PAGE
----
Editorialists and columnists in Wyoming are irate with the state government after the state board of education decided not to implement the Next Generation Science Standards. As NCSE previously reported, a footnote in Wyoming's budget for 2014-2016 precluded the use of state funds "for any review or adoption" of the Next Generation Science Standards, and one of its authors acknowledged that the NGSS's treatment of climate change was a reason for the prohibition. It was hoped that the board might have adopted the NGSS with the funds available to it before the new budget period begins. Instead, at its April 11, 2014, meeting, the board referred the standards back to a state department of education committee — which previously unanimously recommended the adoption of the NGSS.
The Wyoming Tribune Eagle (April 18, 2014) was livid, editorially writing, "We might not know the exact extent to which man has affected climate change, but we do know that Wyoming is filled with political cowards. Some of them have stepped into the spotlight in the debate over implementing new science standards." The editorial complained specifically about Matt Teeters (R-District 5), to whom the footnote is generally attributed; Governor Matt Mead, who could have used his line-item veto to delete the footnote; and Ron Micheli, the chair of the board, who, according to the Tribune Eagle, cited climate change denial propaganda during the board's meeting. The editorial concluded, "It's sad that these cowards decide policy in this state. ... cowards refusing to stand up for what's right."
Citing the position of the energy industry itself, the Casper Star-Tribune (April 20, 2014) editorially argued, "These companies ... realize the Earth is changing and are basing multi-decade projections and business decisions on the expectation of climate change. If the companies themselves are acting on this, it's safe to say they won't mind if our children learn about it, too," adding, "Anyone who stands in the way is denying our children the chance to be part of the vanguard of well-informed Wyomingites with the potential to figure out how to harness the state's energy resources in an environmentally responsible way. It's disappointing that the state isn't interested in joining the energy companies and being part of the solution, but it's reprehensible for it to deny that chance to our children."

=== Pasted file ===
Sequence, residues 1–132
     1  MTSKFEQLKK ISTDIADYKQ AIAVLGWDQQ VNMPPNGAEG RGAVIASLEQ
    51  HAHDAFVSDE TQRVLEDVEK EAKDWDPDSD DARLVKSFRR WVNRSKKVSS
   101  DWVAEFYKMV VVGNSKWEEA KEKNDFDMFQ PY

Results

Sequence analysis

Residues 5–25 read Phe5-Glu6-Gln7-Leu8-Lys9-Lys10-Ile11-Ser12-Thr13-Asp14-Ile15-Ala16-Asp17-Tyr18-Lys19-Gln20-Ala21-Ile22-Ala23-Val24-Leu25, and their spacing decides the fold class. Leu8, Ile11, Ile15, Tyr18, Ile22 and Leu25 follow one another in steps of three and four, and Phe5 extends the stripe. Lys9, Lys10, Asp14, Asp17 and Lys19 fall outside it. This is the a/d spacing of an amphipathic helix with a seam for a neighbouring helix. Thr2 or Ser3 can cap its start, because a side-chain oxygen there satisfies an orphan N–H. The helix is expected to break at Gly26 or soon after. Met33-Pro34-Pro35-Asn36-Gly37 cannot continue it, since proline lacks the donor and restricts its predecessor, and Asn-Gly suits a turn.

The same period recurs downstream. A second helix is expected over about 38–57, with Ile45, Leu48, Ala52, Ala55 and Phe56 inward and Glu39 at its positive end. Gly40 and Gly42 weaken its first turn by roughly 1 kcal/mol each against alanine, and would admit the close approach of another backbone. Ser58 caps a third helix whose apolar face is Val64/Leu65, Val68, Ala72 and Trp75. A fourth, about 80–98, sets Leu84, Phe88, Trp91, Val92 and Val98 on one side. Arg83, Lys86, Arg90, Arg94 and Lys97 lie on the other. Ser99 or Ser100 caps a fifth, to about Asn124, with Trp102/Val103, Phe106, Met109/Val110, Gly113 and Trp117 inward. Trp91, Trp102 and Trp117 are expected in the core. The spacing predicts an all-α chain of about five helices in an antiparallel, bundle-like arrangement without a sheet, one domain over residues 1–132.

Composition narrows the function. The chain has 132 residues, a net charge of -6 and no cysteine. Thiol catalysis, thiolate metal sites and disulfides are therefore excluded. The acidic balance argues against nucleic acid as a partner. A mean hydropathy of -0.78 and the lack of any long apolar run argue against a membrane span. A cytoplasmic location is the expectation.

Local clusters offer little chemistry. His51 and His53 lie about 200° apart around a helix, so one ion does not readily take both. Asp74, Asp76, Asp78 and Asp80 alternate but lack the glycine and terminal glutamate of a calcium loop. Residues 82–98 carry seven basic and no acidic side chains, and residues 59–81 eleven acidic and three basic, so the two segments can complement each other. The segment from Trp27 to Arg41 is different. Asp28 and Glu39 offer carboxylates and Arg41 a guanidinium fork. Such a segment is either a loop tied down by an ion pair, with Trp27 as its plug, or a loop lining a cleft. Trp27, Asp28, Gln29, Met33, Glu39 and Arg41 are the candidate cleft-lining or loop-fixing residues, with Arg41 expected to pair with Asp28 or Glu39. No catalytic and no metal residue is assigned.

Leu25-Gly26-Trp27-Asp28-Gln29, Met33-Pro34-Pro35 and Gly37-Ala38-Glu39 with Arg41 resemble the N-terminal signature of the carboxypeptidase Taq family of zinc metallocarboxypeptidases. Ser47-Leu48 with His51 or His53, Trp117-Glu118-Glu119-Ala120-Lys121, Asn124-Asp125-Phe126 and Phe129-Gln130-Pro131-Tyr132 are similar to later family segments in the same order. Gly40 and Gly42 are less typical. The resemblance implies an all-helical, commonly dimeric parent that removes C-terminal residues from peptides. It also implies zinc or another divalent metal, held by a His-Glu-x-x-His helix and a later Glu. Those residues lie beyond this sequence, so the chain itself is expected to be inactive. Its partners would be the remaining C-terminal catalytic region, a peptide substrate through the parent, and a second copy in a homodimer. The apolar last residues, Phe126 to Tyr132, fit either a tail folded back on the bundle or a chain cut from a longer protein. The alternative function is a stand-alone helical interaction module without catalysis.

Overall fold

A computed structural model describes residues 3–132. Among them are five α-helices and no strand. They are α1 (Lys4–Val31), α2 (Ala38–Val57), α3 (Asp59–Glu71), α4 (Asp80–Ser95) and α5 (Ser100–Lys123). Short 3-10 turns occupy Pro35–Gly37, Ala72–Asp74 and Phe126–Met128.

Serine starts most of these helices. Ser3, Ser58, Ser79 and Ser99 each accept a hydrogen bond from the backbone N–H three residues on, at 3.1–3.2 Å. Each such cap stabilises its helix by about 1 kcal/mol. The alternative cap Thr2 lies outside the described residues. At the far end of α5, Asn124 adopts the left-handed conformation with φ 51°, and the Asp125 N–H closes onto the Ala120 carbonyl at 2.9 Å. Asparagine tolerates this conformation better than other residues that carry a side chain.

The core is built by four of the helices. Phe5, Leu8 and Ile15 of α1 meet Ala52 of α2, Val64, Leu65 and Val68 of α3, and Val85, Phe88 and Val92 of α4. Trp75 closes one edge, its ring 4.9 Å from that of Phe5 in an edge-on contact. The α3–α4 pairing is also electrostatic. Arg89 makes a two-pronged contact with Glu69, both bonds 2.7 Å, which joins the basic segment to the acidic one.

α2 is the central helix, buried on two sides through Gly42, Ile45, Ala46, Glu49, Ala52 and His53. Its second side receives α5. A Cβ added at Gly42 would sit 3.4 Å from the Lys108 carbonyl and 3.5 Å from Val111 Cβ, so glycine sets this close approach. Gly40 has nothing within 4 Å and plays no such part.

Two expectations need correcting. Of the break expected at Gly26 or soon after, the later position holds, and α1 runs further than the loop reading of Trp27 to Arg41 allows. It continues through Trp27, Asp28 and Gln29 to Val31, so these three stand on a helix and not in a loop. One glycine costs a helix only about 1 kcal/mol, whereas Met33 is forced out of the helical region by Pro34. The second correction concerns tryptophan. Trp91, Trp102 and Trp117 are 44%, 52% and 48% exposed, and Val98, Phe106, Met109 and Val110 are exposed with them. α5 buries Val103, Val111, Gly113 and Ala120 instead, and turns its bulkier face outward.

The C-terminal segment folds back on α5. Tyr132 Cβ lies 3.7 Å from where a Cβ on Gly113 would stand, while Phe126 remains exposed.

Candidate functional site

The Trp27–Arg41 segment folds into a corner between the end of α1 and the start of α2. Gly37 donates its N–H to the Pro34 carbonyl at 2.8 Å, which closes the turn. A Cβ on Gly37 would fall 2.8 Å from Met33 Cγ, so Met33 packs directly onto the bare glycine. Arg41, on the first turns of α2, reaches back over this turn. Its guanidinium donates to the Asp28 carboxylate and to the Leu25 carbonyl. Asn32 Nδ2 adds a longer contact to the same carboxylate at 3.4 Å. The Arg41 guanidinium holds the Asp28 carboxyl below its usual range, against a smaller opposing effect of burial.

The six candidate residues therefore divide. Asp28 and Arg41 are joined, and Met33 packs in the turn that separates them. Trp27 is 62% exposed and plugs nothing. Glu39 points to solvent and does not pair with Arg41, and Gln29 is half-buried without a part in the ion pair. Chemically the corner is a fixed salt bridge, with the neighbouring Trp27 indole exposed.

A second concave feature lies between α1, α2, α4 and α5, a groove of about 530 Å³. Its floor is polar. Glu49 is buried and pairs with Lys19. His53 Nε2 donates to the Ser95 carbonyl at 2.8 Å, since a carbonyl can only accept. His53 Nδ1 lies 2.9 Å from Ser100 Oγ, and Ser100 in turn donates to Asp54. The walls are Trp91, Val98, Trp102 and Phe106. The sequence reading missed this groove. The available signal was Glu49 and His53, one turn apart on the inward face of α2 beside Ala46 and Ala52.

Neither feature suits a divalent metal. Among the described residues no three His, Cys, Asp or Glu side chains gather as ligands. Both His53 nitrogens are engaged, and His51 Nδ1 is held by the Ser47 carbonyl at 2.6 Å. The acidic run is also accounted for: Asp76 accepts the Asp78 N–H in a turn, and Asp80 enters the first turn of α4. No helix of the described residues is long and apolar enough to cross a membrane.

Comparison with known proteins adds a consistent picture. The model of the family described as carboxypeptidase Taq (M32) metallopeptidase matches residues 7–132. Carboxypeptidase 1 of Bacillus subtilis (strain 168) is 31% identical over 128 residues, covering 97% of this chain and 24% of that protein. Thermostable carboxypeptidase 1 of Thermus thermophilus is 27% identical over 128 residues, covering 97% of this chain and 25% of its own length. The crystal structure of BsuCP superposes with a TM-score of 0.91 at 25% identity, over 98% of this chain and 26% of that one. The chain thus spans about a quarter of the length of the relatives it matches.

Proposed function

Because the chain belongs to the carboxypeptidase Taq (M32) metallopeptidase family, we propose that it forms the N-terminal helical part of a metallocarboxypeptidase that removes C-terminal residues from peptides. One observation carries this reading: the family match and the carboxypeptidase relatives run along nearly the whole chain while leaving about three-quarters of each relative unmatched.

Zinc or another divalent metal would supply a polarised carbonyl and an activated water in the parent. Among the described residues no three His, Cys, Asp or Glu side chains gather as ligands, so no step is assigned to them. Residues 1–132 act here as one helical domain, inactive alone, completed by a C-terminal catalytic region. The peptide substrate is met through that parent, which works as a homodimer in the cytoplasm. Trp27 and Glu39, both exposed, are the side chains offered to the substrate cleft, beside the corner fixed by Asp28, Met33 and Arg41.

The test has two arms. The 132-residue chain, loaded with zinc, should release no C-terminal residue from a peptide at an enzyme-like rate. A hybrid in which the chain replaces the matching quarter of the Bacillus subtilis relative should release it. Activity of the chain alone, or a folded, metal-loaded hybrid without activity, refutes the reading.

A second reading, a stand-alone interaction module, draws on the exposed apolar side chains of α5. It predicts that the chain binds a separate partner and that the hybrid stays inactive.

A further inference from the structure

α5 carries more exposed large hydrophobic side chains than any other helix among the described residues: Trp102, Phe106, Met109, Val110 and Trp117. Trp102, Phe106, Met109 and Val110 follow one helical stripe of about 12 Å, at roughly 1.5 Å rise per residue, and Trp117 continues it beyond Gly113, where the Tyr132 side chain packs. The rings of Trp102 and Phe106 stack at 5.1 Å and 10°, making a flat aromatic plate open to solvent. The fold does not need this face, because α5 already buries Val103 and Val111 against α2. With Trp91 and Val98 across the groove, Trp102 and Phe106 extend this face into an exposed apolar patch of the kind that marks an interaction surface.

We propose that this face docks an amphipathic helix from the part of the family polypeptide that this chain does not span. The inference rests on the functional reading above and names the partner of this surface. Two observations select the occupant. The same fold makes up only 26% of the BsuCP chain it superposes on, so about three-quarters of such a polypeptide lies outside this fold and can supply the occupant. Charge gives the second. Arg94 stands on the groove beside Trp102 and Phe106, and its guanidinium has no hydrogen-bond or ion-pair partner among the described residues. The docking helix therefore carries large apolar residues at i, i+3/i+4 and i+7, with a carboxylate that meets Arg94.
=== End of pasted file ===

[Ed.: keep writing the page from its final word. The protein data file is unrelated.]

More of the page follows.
The Laramie Boomerang (April 21, 2014) editorially commented, "the board would have been saving the lawmakers and particularly the governor from continuing embarrassment and controversy. It's not as if the science standards haven't been carefully reviewed and studied already. A committee of Wyoming teachers charged with examining the standards has unanimously endorsed them for adoption," adding, sarcastically, "But, of course, politicians know better." The Boomerang concluded, "These proposed standards aren't perfect, but the overall impact of the standards is a substantial step forward from where we are now. ... One way or another, the Wyoming Board of Education must find a way to adopt the Next Generation Science Standards. They owe that to every school child in this state."
And writing in the Casper Star-Tribune (April 21, 2014), Pete Gosar, a member of the state board of education, expressed his dismay with the legislature's decision to block the NGSS. Observing that "there exists little doubt that the Next Generation Science Standards would have helped to prepare Wyoming students for an increasingly competitive world, and that they are far superior to our existing Wyoming science standards" and "that they were unanimously recommended by a diverse and accomplished Wyoming science content committee after more than 18 months of careful deliberations," he noted that the legislature's decision was taken without consulting the committee members and without any open and public legislative debate about the legislature's concerns about the NGSS.